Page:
INVESTING FOR EVERYONE
(even if you are not a professional money manager)
You have to do it!!
Beating a "Benchmark" may only be good for a bonus among professional money managers.
For those non-pro investors with a limited amount of money to invest and real life issues (college tuition, actual living expenses like food and clothing, gas and utility bills, finding a little left over to save for retirement) just beating a benchmark is too often just not good enough. Is it?
The pro money managers get their bonus even if their benchmark is down and their portfolios are down a little less - they "beat" their benchmark and get rewarded!! We get to see our precious savings reduced in value by the full amount!! No rewards for us.
Inflation - the inevitable rise in the price of everything we need to consume - versus the much slower rise in our income makes it really hard to "make ends meet".
Before we even try to tie the ends together Government at all levels must be paid in the form of taxes, fines, license fees and social security deductions!
What is a person to do?
You must invest or get progressively poorer .
Invest like the best!sm
Here is a solution:
Click on the MRRR andInfltaion Tab above.
There you will find an updated inflation rate and a table in which you will find Minimum Required Investment Rates of Return (MRRR). Select your tax bracket and look up your personal MRRR in the table.
Use this MRRR to sort candidate investments for purchase.
Look for investments that have consistently produced this rate of growth or better.
Build a portfolio of these investments and manage it regularly.
Be warned: "past performance is no guarantee that this performance will continue in the future." .....but how else are you going to start?
Where will you find these investments? ...and how will you use them to build a portfolio successfully?
For some suggestions on what a model portfolio could look like, click on the portfolio tabs above. There you will see what a model portfolio looks like and you can get a feel for the past performance .
Selecting the portfolios
At Coreportfolio.com we use this method ( we do not advocate this to be suitable for everyone - only a professional financial advisor who knows your personal situation can tell you that).
We divide available cash into roughly 11 equal portions and buy 10 stocks , keeping the 11th portion of cash in reserve.
Coreportfolio.com uses a unique method of culling out the best candidates for investment: We want to Invest Like the Best, so we look at the portfolios of the consistently best performing Mutual Fund managers in the USA fund universe. We compile a list of common stock investments that they have committed their money to most frequently. This is the CORELISTsm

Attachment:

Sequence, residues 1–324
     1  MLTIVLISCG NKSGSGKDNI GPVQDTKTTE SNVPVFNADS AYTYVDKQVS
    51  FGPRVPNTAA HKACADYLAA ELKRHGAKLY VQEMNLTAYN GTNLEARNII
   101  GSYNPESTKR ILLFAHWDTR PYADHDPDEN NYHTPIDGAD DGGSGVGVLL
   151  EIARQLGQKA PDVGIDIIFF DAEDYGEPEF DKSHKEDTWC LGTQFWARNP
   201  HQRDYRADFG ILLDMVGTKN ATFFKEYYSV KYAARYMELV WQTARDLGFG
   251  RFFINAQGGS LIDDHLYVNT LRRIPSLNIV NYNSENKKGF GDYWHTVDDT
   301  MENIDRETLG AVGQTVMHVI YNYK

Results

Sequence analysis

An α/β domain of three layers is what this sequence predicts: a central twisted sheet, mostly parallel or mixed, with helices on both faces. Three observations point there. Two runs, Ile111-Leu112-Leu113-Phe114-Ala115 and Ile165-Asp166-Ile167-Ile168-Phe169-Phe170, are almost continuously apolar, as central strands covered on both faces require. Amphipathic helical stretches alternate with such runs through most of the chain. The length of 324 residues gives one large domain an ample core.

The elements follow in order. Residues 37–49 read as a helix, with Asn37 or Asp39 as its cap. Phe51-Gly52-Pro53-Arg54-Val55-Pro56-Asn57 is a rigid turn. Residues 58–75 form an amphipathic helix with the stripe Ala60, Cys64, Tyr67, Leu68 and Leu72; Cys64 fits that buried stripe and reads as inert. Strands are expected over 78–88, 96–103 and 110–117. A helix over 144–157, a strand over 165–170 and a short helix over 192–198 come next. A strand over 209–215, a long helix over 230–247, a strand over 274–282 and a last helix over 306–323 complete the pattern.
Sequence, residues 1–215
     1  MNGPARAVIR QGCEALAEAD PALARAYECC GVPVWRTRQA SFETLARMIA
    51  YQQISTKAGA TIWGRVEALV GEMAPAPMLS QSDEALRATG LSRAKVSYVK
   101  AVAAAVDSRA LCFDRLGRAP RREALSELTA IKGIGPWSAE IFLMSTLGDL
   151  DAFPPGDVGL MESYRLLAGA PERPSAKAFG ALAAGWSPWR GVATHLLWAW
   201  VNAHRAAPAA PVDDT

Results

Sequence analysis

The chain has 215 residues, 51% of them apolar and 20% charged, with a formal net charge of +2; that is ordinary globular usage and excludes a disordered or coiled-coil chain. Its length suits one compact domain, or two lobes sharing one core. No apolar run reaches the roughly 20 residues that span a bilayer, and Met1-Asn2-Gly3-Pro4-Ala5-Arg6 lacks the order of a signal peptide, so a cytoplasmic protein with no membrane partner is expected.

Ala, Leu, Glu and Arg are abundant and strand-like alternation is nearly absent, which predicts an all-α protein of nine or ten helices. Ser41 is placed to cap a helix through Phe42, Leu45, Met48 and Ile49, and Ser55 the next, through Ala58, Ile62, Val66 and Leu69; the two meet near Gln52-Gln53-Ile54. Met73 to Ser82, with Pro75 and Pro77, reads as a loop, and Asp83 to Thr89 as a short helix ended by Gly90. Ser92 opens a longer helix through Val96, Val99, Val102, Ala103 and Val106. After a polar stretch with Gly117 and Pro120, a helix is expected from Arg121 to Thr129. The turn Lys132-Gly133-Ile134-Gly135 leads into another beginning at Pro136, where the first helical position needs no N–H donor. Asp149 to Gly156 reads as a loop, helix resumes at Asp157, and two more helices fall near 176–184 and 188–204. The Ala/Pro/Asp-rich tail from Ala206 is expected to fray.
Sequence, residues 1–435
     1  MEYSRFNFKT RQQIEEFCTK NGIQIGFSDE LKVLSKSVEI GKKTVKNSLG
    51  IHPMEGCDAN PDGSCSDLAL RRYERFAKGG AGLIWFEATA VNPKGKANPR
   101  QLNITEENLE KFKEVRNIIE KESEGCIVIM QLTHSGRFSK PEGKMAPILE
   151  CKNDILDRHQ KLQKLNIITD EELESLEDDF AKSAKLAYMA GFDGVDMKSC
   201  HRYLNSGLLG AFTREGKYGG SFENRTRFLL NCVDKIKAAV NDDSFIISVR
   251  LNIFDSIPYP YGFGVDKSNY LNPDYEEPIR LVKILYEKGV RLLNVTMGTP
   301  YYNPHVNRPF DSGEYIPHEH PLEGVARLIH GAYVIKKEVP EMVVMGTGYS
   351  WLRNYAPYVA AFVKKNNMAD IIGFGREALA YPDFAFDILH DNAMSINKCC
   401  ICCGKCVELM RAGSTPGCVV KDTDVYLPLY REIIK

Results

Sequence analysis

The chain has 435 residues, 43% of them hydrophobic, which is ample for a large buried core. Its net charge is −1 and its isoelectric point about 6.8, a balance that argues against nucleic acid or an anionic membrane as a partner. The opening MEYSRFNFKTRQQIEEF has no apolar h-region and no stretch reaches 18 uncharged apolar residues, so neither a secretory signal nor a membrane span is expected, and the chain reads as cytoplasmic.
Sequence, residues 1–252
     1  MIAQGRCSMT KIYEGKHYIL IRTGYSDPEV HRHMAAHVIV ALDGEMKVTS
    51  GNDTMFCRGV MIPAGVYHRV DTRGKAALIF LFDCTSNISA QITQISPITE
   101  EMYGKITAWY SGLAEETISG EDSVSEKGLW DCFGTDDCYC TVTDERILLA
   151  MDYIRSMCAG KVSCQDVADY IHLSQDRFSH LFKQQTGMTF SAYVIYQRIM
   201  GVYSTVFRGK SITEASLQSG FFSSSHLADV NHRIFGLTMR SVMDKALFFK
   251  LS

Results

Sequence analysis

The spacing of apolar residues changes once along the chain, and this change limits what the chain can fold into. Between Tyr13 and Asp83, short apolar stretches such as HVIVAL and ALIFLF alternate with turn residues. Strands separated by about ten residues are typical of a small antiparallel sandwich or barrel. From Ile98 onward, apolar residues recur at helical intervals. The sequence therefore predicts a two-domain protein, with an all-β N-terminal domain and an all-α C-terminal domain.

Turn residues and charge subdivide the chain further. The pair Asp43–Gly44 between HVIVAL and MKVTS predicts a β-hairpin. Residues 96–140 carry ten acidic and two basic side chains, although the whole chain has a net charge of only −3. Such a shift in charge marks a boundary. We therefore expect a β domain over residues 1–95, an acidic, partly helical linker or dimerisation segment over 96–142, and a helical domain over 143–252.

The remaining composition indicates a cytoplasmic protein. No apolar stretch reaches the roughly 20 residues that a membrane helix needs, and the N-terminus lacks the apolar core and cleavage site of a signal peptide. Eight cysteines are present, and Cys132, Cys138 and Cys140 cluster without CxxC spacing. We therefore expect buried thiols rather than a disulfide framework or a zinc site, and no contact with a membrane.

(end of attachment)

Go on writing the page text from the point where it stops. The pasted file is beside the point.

This method taps into the largest pool ( perhaps as many as several thousand of the best of them) of "buy side" analyst recommendations. They have the Fund's money at risk along with their fees and performance bonuses... it matters a lot to them to make more money than their competitors for your investment dollars.
Then we rank these candidates on both a fundamental, technical and momentum basis and make our selections based on combined rankings called a Core Score sm (we obviously prefer to include the highest ranked stocks first).
Yes we do pay attention to "diversification".
However diversification for its own sake will only lead to mediocre performance.
For that reason portfolio selections are limited to around 10 items . Beyond these items, additions add very little extra risk reduction to the overall portfolio and the performance penalty for doing so is often big.
Managing the portfolio
There is a very simple method of portfolio management recommended by William O'Neill, founder of Investors Business Daily (www.ibd.com), and I recommend it to everyone who asks me.
Follow the market price of your stock purchases and hold them as long as the fundamental reasons for buying are largely intact (the Core Score sm will guide you here) AND generally the price has not declined by more than 8% from the purchase price.
At Coreportfolio.com we use a slightly different method: in addition to monitoring fundamentals - a slightly bigger (10%) price decline from purchase may be considered.
Since our Watch Lists usually contain around 200 potential candidates, barring a short period in 2008, there were always a few selections with a BUY recommendation to use as replacements for stock positions we sold.
Rinse and repeat.
The contained information is based on historical data. The analysis assumes the stock/fund will perform in the future as it has in the past. This is generally never true.
Before buying or selling a security, you should do your own research and reach your own conclusions. Reliance on this information is at the sole risk of the reader.
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